The Edinburgh Fringe Festival – A Cost Conscious Visitor’s Guide

If you are serious about live performing arts, The Edinburgh Fringe is the place to be in the month August. It’s essentially a massive theatre and comedy trade show. It’s a great place to see what the “next big thing” will be,  especially in Theatre & Comedy. As it’s highly experimental so you will see lots of good and bad stuff, but as long as you are adventurous and keep an open mind, you’re likely to see some of the most innovative theatre you will ever see.

As a visitor to the Edinburgh Fringe Festival for the past seven years, I thought I would share some things I have learned over the last few years.


This is a map of locations discussed in this blog, just to help get your bearings.

Getting There

Edinburgh is not a car-friendly city and is very small. Use the fringe as an excuse to eat too much and stretch those legs. You haven’t had the true Edinburgh experience until you’ve inhaled a burger in a pub and then legged it up the hill to try to make your next show! Every time I’ve been to the Fringe, I’ve been by train and I would highly recommend it. It takes about 4.5 hours to get there and East Coast operate the route from London Kings Cross to Edinburgh Waverley. Their website typically sells the cheapest tickets with singles starting from £17. To get the best prices, book your tickets as soon as they go on sale (about 12 weeks in advance).


There is a lot of available accommodation during the Fringe and there are always rooms and beds available. But if you want to stay somewhere decent but within budget, it’s a good idea to book as early as possible (I’ve sometimes booked almost a year in advance). The best budget accommodation always fills up quickly.


None of the hostels I’ve been to in Edinburgh are wonderful, but they are totally adequate if you are only going for weekend and looking for somewhere cheap to stay. Try searching and booking with Hostelworld where you can book hostels, check out customer reviews see a map of the locations of hostels in the area.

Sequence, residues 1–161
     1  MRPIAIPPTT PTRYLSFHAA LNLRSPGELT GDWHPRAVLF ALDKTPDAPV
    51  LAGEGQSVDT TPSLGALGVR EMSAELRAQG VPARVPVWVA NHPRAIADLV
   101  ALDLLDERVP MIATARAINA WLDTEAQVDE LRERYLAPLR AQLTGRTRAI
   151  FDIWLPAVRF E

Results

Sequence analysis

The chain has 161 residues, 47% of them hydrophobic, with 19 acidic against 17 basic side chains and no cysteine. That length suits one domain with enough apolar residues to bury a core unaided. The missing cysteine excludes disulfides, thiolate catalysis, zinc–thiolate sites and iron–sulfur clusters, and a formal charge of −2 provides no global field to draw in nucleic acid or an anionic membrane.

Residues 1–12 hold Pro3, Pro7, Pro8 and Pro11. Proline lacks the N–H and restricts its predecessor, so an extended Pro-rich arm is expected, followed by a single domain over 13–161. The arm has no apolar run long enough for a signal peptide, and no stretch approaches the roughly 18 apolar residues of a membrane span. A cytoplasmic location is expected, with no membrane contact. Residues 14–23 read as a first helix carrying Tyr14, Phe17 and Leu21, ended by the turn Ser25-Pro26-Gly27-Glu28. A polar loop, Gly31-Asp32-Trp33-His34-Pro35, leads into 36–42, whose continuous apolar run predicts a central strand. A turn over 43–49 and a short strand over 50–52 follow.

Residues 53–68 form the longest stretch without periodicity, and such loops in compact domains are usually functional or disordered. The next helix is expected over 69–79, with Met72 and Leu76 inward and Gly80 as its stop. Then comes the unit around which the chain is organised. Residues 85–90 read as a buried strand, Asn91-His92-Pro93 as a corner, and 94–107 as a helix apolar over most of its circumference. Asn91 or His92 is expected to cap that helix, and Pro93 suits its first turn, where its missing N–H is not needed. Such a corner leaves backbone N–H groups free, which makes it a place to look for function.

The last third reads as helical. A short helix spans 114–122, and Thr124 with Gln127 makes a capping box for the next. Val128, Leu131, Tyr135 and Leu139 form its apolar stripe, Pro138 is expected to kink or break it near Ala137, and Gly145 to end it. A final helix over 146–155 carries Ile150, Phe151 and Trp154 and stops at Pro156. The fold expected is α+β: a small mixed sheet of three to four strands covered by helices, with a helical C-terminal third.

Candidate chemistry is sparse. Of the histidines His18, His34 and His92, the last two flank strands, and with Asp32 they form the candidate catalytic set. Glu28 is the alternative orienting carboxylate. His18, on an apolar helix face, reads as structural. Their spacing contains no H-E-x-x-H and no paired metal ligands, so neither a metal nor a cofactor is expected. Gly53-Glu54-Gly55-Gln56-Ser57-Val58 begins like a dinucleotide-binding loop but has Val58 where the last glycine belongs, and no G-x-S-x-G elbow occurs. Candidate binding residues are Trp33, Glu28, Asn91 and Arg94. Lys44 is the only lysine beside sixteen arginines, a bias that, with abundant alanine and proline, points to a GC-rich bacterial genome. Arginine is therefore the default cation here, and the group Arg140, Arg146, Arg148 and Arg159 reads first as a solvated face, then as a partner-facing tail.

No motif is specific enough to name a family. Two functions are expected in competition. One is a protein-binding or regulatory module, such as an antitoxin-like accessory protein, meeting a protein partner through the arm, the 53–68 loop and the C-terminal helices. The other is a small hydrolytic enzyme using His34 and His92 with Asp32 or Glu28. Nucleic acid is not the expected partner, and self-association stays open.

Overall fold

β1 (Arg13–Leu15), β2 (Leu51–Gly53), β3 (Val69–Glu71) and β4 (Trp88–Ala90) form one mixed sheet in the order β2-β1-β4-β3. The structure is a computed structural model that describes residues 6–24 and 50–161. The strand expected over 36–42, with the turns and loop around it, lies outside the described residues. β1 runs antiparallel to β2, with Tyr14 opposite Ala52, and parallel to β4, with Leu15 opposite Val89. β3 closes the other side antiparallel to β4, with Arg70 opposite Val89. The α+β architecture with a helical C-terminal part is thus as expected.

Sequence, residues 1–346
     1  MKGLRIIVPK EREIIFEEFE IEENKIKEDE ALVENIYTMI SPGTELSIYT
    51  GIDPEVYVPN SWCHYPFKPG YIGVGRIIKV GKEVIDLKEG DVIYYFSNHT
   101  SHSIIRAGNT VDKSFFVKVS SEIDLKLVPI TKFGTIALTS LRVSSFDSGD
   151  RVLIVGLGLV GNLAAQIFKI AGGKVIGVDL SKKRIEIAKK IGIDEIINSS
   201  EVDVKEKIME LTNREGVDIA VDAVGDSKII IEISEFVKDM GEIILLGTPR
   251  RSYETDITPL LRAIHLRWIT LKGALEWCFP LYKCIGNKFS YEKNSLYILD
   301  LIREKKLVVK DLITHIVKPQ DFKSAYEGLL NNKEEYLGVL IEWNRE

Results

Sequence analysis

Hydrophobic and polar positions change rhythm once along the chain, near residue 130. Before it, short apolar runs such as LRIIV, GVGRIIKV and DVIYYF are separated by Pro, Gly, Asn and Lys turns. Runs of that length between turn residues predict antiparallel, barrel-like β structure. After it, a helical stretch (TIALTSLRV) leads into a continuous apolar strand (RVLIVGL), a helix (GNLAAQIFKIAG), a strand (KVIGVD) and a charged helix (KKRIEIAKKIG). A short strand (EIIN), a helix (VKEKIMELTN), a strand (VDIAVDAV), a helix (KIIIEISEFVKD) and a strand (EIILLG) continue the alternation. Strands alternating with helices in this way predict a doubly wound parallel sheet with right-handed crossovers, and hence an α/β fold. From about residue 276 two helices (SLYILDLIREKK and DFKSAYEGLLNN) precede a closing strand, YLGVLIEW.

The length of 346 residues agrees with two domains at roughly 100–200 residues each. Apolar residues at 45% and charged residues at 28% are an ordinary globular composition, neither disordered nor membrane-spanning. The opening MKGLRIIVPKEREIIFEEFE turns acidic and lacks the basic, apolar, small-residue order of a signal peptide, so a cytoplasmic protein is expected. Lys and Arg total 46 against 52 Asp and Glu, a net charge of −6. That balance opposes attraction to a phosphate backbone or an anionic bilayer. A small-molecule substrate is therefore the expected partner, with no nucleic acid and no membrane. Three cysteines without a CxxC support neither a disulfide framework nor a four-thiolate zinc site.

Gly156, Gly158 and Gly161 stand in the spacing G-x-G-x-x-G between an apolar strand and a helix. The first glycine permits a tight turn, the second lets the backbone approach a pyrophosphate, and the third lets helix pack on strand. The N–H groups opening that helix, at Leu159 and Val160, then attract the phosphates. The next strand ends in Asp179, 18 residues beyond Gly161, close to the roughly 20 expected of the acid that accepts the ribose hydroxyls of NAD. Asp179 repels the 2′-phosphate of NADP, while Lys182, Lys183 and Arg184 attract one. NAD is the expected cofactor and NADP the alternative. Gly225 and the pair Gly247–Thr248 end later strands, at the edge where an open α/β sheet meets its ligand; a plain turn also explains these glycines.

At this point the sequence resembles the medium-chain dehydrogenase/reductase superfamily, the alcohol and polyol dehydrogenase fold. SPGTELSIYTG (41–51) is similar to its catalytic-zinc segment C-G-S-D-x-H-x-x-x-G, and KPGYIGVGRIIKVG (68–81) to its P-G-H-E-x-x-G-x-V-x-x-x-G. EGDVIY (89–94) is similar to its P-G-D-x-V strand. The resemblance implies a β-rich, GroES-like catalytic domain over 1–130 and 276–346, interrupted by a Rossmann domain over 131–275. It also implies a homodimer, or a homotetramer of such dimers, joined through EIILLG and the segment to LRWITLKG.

I stayed at the Edinburgh branch of the St. Christopher’s Inn Hostel chain a few years ago. The hostel is located extremely centrally – just across the road from Edinburgh Waverley Station and backing onto The Royal Mile. A Continental Breakfast buffet (ie. Toast, Cereal, Coffee, Tea) is included in the cost which comes in handy to set you up for a day of shows. Prices range from £29 – £37 per person, per night.

I have also stayed at Smart City Hostel, located nearer to the Edinburgh University campus and some of the biggest Fringe venues including the “big three venues”; Pleasance, Underbelly and Gilded Balloon. All rooms at this huge hostel are ensuite and it has private as well as dorm rooms. The Hostel has a kitchen for preparing food which can help to keep food costs down. Prices range from £32 – £60 per person, per night.


If you’re planning to stay at the Fringe for at least a week and particularly if there are more than two of you, booking an apartment can be cheaper. Previously, friends have booked with Edinburgh Holiday Accommodation which has worked out well and been reasonably priced. Prices range depending on number of people and number of nights stayed.

Tickets and shows

Tickets to shows are around £5-£15 each and there are also some are free shows from the Free Fringe, which are run on a first-come first-served basis and ask for donations. Tickets can be booked on the Edinburgh Fringe Website, on the Edinburgh Fringe iPhone app or via the Fringe Box Office in person of on their booking line. These can then be collected from The Fringe Box-office on the Royal Mile, The University of Edinburgh Visitors Centre or over in the new town at the Half-Price Hut. Alternatively you can also book in person or on the phones, and collect at the bigger venue box-offices (Pleasance, Underbelly and Gilded Balloon).

Shows run all day from 8am kids shows to late-night comedy showcases starting at 3am. Treat it as an all-you-can-eat arts buffet and go and see as much as you can! The most shows I can deal with in a day is 8, but a friend of mine holds the record at 10 shows all in one day! Just don’t forget to make some time to head to The Royal Mile to see some incredible street theatre (even though you will be mobbed by people flyer-ing for their shows!) If you’re heading up to the festival for the first week, I would advise only booking tickets for your for the first night and for shows you really want to see.

The temptation can be to “book safe” for that Comedian who’s “really funny on telly” – don’t! For the fringe, go and see something/someone different. By all means, read reviews! You can get the free papers from venues (The Skinny, Broadway Baby, take a look at The Scotsman as well as national newspapers like The Stage and The Guardian). Also, talk to people! Venue staff get to see shows at their venues for free and will happily sell tickets to the best show they’ve seen at their venue. Fellow festival-goers will also enthuse about “that incredible show they saw” in cafes and bars. Talk or eavesdrop if you have to!

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